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International Affairs and Transnational Relations

Acclaimed Harvard historian Akira Iriye will reflect on the study of history today, examining recent historiographic trends and phenomena like “motion,” “interconnectedness,” and “hybridity” in an effort to move away from a Euro-centric approach.

Date & Time

Sep. 29, 2014
4:00pm – 5:30pm

Location

6th Floor, Woodrow Wilson Center
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International Affairs and Transnational Relations

Washington History Seminar
Historical Perspectives on International and National Affairs

International Affairs and Transnational Relations

Akira Iriya
HARVARD UNIVERSITY

Acclaimed Harvard historian Akira Iriye will reflect on the study of history today, examining recent historiographic trends and phenomena like “motion,” “interconnectedness,” and “hybridity” in an effort to move away from a Euro-centric approach. Iriye will explore the fascination with non-national entities and transnational relations, rather than with more conventional international affairs understood in the geopolitical framework (world hegemony, regional order, balance of power, etc.). The increased importance of transnational relations places non-state actors and non-geopolitical themes, such as economic globalization, cultural exchanges, environmental issues, and human rights, at the forefront of the contemporary study of history. Iriye will argue this has created a more hybrid world, moving away from a geopolitically defined world order and toward a mixture of geopolitics and non-geopolitical phenomena.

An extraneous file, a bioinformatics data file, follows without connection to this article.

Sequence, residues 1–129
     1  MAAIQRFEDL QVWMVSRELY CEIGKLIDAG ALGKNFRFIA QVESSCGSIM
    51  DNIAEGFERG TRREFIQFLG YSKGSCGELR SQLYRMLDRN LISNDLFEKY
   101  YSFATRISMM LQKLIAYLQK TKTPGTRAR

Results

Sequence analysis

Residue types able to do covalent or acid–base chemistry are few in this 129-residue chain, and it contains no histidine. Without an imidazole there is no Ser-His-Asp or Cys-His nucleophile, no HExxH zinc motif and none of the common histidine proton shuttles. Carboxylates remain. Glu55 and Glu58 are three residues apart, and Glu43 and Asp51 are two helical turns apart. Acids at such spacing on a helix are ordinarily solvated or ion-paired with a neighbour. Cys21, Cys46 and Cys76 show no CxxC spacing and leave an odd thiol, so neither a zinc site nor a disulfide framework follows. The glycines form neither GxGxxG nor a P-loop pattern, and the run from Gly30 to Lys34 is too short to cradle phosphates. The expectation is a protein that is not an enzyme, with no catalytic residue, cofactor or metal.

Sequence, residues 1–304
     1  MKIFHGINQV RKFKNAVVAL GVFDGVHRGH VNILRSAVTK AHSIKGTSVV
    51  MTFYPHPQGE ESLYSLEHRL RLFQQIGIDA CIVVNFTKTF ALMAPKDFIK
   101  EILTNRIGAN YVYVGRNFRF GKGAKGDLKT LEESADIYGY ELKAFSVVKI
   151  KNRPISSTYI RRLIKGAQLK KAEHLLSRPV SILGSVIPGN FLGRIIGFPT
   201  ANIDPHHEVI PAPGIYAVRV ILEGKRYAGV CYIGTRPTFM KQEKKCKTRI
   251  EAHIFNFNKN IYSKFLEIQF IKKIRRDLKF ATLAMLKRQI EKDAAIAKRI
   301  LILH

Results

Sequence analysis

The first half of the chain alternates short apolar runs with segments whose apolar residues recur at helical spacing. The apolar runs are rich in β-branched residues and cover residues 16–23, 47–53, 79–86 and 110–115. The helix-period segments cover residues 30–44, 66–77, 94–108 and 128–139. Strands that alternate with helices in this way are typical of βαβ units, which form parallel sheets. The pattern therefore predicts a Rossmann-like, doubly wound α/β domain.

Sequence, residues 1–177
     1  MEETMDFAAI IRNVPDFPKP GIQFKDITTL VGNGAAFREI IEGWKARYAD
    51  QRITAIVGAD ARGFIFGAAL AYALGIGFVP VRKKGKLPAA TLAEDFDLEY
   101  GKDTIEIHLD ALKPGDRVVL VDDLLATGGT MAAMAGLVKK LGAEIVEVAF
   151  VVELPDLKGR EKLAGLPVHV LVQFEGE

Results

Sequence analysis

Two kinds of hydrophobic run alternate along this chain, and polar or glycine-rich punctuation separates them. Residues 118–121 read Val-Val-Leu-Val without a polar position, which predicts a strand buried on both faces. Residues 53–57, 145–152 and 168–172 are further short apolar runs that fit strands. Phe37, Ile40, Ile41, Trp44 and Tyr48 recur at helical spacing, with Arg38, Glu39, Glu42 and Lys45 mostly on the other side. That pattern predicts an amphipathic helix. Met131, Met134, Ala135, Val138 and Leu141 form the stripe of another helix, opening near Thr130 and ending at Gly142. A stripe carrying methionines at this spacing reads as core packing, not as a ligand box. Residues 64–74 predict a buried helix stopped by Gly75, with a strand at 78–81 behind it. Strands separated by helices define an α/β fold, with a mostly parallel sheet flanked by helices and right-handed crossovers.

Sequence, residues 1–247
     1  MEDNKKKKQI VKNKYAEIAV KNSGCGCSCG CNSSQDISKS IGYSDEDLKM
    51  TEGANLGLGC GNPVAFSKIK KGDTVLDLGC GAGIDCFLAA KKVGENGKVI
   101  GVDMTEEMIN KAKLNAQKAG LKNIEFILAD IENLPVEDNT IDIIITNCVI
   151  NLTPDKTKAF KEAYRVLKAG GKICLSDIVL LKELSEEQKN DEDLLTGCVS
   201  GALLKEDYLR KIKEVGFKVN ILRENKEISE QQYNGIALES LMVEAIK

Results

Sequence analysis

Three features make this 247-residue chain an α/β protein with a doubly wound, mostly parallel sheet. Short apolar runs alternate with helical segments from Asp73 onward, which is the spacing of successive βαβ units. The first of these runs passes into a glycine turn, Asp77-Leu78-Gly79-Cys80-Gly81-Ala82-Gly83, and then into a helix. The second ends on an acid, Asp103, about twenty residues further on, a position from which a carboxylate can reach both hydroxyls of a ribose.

Akira Iriye received his B.A. from Haverford College in 1957 and a Ph.D. in U.S. and East Asian History from Harvard in 1961. Professor Iriye was an Instructor and Lecturer in history at Harvard following receipt of his Ph.D, then taught at the University of California at Santa Cruz, the University of Rochester, and the University of Chicago before accepting an appointment as Professor of History at Harvard University in 1989, where he became Charles Warren Professor of American History in 1991. Professor Iriye has written widely on American diplomatic history and Japanese- American relations. Among those works are Pacific Estrangement: Japanese and American Expansion, 1897-1911 (1972); Power and Culture: The Japanese-American War, 1941-1945 (1981); Fifty Years of Japanese-American Relations (in Japanese, 1991); China and Japan in the Global Setting (1992); The Globalizing of America (1993); and Cultural Internationalism an World Order (1997).

Monday September 29, 2014
4:00 p.m. 
Woodrow Wilson Center, 6th Floor Moynihan Board Room
Ronald Reagan Building, Federal Triangle Metro Stop

Speaker

Akira Iriye

Charles Warren Professor of American History, Harvard University
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Hosted By

History and Public Policy Program

The History and Public Policy Program uses history to improve understanding of important global dynamics, trends in international relations, and American foreign policy.  Read more

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